The Helpathon was developed in 2018-2020
This network, in which various health funds participate, explores the requirements, guidelines, facilities and conditions that may help researchers switch to animal-free innovation. Animal-free innovation will be much easier when the forces of patients, citizens, health care professionals, researchers, funders and policy makers are combined. This is one finding of a progress report presented in January 2019 to a varied group of network participants and interested parties.
The report advises research backers to work towards the structural promotion of animal-free innovation in health care research. This can be done by defining an innovation strategy, reserving ‘slow money’ or indicating which research models to use and which not to use, for example. It is also important to organise coincidences in order to stimulate innovation. For the latter, this network developed the so-called Helpathon.
Not every scientist or researcher can identify immediate alternatives to animal studies for their own research. Medical scientific research has various phases and is complex. By means of a Helpathon, a mixed group of experts and relative laymen therefore considers a concrete request for assistance from a case ‘owner’. In this way, research proposals can be converted into proposals with better alternatives without laboratory animals.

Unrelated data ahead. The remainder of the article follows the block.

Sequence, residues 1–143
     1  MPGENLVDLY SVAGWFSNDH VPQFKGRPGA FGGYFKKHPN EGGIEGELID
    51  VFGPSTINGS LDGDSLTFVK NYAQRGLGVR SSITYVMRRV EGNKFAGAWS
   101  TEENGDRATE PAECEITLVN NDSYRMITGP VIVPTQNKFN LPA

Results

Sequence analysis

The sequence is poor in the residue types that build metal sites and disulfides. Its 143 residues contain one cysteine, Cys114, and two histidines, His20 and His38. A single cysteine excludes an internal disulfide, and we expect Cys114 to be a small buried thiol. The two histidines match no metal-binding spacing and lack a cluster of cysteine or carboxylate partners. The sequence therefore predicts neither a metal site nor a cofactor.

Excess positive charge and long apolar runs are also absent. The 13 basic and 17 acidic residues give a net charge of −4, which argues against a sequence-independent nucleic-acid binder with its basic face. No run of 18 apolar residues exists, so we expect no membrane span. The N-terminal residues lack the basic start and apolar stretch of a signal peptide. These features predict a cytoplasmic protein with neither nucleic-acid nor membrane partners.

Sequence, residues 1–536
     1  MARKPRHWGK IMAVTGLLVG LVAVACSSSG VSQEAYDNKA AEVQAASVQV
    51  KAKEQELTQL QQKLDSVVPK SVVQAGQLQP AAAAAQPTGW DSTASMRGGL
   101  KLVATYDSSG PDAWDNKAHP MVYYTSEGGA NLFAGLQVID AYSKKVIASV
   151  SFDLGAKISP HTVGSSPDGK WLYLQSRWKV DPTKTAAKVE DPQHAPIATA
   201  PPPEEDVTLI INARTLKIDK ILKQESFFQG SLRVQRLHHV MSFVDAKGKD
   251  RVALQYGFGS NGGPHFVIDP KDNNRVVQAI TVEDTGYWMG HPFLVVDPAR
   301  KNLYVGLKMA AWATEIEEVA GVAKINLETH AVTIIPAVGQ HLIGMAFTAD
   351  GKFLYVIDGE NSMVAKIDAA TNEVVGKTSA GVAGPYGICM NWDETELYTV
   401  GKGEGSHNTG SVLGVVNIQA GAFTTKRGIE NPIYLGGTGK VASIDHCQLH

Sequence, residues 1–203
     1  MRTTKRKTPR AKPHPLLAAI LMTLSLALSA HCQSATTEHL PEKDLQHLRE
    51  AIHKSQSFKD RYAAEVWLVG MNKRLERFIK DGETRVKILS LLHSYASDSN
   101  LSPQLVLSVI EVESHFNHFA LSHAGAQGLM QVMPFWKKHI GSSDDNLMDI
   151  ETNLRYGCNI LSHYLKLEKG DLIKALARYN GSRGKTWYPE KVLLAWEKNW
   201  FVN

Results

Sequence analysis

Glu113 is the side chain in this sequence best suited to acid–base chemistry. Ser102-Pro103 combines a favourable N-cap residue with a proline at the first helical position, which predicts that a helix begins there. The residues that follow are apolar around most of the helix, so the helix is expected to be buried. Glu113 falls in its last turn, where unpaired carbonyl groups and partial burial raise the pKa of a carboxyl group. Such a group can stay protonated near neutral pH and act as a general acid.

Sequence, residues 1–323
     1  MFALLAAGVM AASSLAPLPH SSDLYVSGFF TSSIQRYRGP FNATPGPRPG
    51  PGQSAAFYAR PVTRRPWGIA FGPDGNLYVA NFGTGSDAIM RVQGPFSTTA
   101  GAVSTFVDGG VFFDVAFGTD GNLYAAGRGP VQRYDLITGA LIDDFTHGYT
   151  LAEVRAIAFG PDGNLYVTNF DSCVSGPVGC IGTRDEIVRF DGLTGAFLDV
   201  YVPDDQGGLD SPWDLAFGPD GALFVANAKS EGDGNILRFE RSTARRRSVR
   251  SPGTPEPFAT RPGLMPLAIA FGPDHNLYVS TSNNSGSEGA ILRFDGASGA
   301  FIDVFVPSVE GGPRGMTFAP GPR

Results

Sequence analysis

The Helpathon was developed by analogy with the Hackathon from the IT world. A Helpathon can be used for all kinds of complex issues. It is an exploratory, co-creative meeting that creates two days of scope for 100% animal-free pioneering. The chance of innovation is increased by organising coincidences in a specific format and letting participants determine the agenda of the meeting themselves.
Cases helped to progress
The first Helpathon took place at the Brandwonden Stichting (Dutch Burns Foundation) in November 2018 and concerned research into the depth of burns. The discussion of the case led to a public-private partnership: researchers from the Amsterdam UMC, burns researchers, burns care professionals and the company Pharming joined forces. They are using the latest in-vitro research models that innovatively simulate and examine the depth of the burn (and blood flow in the wound area).
The second was with the Hartstichting (Dutch Heart Foundation) in May 2019 on accelerating research into a vaccine against arteriosclerosis: the case holders now have their own cardiovascular research line at Leiden University. Another case related to the hypothesis that cell vesicles from milk might form a medicine for joint inflammation. It has now been confirmed that cell vesicles from cow's milk help against rheumatism. The case holder wishes to bring the medicine to the market in cooperation with business experts.
The third was online for TPI Utrecht in June 2020, focusing on liver research that the case holder funded with a Vici grant. A second case study concerns the structure of a Master's programme at Utrecht University on animal-free innovation. This Master's is now available.
The fourth took a hybrid form and was for the primate test centre BPRC in November 2020, about cross-correlation with 3D human models with liver, lung and brain research in order to gain a better understanding of malaria, tuberculosis and Alzheimer's disease.
The Ministry of Agriculture, Nature and Food Quality organised a masterclass for members of the broad TPI network, so that they can start using this tool independently. The Helpathon Masterclass with 12 participants, including 1 from Finland and 2 from the UK, was held in 6 online classes during September and October.